I said to Indar, “Who is that singer?”

He said, “Joan Baez. She’s very famous in the States.”

I would argue that Naipaul intellectually penetrates Indian music as few Indians do or can. He has a feel for it, even though it is unlikely to move him as much as it does us. But it cannot be said that he is ignorant of what it is and what it represents.

For Naipaul, the Hindu is no different from the Muslim, as his merciless observations show. You could accuse him of bigotry (something different from prejudice), but this must be demonstrated in Naipaul’s person, not his work.

Published in The Express Tribune, November 11th, 2012.

Facebook Conversations

Reader Comments (15)

  • BlackJack
    Nov 11, 2012 - 12:51AM

    I don’t know what Naipaul’s feelings are on the muslim community, and would be hesitant to make an argument for or against him in this matter. At least in my case, I find his novels on Africa (even with Indian characters) like a Bend in the River or sections of In a Free State are easier to enjoy, than say a House for Mr. Biswas, because the Indians in the West Indies, despite (or possibly because of) their similar names and common elements of culture somehow seem more difficult to relate to – it sounds like India but doesn’t feel like it. To reverse this argument, I believe that Naipaul sees India from an outside-in perspective (A Million Mutinies now and others) and is just as much the outsider as other writers who have written on the subcontinent; Girish Karnad should accord him the same courtesy that he would a William Dalrymple or a Mark Tully – just because he has an Indian name, you cannot apply your prejudices more freely. Further, Karnad appears to be on a roll, as he has chosen to attack Tagore shortly after his tirade against Naipaul, so this issue speaks much more about Karnad than Naipaul.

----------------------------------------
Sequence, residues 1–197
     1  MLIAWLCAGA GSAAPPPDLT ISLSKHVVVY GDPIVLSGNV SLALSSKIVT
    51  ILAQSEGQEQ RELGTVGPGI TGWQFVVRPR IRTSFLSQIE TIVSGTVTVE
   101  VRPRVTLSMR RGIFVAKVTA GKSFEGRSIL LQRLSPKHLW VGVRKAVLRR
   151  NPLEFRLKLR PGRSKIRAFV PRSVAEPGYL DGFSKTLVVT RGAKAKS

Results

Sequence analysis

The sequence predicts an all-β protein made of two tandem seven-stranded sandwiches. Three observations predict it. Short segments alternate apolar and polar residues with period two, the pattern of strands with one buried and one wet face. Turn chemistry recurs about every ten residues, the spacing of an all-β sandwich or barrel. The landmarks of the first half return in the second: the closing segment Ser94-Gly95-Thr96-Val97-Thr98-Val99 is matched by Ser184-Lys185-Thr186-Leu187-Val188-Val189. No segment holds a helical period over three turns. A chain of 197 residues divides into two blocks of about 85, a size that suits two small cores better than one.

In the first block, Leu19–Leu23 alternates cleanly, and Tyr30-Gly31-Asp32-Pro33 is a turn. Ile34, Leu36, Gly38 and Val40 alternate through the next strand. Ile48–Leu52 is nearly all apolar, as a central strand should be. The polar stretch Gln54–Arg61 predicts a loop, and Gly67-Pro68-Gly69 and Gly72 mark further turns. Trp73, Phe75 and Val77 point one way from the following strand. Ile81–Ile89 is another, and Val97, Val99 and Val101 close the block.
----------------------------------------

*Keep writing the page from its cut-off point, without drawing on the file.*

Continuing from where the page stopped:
Recommend

  • Khan Jr
    Nov 11, 2012 - 1:03AM

    I don’t really care if V.S. Naipaul likes or dislikes Muslims, Indians or Hottentots. I have read, over the years, most of his books both fiction and non-fiction. From the non-fiction books the picture that emerges, to me at least, is that Naipaul is basically a sad and bitter man who has taken up cudgels simply for the sake of expressing his private rage against the world.

    Recommend

  • Nov 11, 2012 - 3:06AM

    Sir, I have great respect for Mr Girish Karnad, but off late he has been making some very out of place comments. after Sir Vidia, he later launched a tirade against Guru Rabinadra Nath Tagore, calling him a below par playwright. Of course, Mt Karnad is entitled to his own observations but all his comments and tirades have come at very inopportune moments, say at International Literature festivals or in case of Guruji long after he cannot defend himself.

    Recommend

  • anand
    Nov 11, 2012 - 4:59AM

    “At no point does his Muslim-ness show. No prayer break, no halal food, no political comment, no moral outlook. Nothing like that.”

    i think you are confused or not sure why naipaul was blamed communal or anti- islam He talked about the animist religion and culture of south asia which majority of indian follows
    the thing is, in this country or i say in south asia, every or any symbol even remotely associated with the majority animist religion is communal. here the intellectuals like girish karnad and we dear author are at odds with nature.

    Recommend

  • Ravinder Kaushik
    Nov 11, 2012 - 5:22AM

    “When the Muslims invaded India they took the emotion out of Hindustani music because devotion is the basis of it”
    – Kishori Amonkar
    Search Art Talk with Kishori Amonkar in youtube for the full interview.

    Recommend